File photo of anti-Pakistan protest in PoK. Photograph:( ANI )
Pakistan's message to the residents in PoK has been very clear: No talk of independence will be allowed, The New York Times reported on Thursday
Massive protests are expected in Pakistan occupied Kashmir (PoK) on Saturday.
The New York Times on September 19 had reported that the residents "have called for a massive protest on border with India on Saturday and in early October that is expected to be the biggest demonstrations yet."
The report had highlighted that the call for independence within PoK has been growing. It said that pro-independence movements are now attracting thousands of protesters. These protests were barely covered in Pakistani media and mobile phone and internet were cut off for a while in the area. One military general dismissed the demonstrators as "Indian agents."
This comes ahead of the scheduled UNGA session where both the Indian and Pakistani Prime Ministers are scheduled to speak.
This also comes in the wake of India decision to do away with Article 370 of the Constitution which gave special status to Jammu and Kashmir.
Even as Pakistan continues to make attempts to internationalise the Kashmir issue despite rebuffs, it has put curbs on residents of PoK who want an end to its control over the territory.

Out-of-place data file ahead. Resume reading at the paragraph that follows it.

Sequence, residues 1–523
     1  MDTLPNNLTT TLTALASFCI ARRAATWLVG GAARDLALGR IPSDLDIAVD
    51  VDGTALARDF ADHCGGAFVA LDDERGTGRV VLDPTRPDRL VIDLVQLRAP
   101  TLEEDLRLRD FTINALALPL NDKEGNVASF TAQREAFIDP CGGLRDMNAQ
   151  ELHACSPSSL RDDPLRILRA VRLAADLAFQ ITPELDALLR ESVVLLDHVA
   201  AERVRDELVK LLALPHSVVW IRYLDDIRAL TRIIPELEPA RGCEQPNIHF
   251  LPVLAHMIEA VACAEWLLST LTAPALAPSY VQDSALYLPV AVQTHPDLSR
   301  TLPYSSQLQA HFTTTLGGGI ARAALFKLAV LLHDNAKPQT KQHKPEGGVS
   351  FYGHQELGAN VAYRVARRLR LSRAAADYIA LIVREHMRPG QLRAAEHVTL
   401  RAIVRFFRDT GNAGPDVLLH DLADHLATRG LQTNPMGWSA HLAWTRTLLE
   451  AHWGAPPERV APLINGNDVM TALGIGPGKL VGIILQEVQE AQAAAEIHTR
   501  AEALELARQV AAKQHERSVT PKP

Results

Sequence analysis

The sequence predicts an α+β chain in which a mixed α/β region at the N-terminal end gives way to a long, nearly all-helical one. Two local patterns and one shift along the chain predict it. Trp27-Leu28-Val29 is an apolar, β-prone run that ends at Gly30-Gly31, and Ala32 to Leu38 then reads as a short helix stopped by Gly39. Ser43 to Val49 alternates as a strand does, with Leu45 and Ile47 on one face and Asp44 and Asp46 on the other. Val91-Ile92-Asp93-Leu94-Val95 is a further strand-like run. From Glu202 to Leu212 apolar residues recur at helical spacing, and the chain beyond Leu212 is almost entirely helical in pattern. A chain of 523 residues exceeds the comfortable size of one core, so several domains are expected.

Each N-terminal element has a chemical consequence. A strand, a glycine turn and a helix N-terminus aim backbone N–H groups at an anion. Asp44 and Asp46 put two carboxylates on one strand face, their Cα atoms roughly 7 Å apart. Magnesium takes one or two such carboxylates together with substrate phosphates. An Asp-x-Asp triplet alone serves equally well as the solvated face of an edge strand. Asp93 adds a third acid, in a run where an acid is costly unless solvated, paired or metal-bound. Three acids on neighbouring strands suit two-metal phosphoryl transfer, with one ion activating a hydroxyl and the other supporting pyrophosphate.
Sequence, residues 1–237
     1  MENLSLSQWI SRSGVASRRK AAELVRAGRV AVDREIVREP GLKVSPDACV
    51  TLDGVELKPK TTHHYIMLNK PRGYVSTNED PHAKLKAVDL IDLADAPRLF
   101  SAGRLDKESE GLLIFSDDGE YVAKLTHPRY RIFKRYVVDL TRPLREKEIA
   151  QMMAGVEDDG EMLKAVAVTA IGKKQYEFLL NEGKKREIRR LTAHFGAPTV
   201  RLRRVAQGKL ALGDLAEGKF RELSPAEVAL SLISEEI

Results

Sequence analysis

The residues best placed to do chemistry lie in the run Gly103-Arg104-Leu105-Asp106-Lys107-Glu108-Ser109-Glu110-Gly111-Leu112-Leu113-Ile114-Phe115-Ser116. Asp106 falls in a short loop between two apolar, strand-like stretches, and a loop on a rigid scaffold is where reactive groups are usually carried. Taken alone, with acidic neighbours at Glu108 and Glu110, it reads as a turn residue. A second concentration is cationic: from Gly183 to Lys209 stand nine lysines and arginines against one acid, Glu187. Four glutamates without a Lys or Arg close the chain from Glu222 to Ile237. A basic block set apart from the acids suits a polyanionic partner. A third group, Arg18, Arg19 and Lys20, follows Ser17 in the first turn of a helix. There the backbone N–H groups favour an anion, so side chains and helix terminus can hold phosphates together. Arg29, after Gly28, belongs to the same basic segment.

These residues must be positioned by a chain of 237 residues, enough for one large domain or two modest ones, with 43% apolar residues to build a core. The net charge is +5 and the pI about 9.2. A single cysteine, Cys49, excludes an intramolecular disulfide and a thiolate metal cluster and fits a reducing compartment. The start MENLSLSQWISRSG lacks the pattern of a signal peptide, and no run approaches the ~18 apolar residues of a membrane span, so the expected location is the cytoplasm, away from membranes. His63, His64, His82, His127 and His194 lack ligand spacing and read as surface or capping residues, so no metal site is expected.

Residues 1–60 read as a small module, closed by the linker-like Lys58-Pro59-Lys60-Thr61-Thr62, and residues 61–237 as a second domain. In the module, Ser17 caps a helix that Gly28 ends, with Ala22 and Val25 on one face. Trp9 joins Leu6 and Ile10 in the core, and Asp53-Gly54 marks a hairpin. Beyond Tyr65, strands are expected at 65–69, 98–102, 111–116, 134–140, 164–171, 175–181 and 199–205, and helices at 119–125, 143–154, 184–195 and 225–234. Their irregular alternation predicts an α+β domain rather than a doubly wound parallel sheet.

Pakistan's message to the residents in PoK has been very clear: No talk of independence will be allowed, The New York Times reported on Thursday.
A few NYT journalists who were granted rare access to the region in recent days found a toughening Pakistani security response to a growing pro-independence movement there.
Residents were quoted as saying that Pakistan's domination over the occupied territories has increased over the years especially after the scope of dialogue between the two countries came down.
Quoting the locals of the area, the NYT reported that the Pakistani crackdown also has another focus.
As outrage over India's move to end Kashmir's previously accorded (temporary) constitutional status has galvanised militants, Pakistani officials fear they could face international sanctions if they don't rein in the armed groups.
On August 5, the Government of India had announced the decision to abrogate Article 370 of the constitution which gave special status to Jammu Kashmir.
Pakistan and its leaders have since then resorted to cheap rhetoric against India with many threatening of war. It also downgraded its diplomatic relations with India.
India on its part has maintained that the issue is strictly internal to India.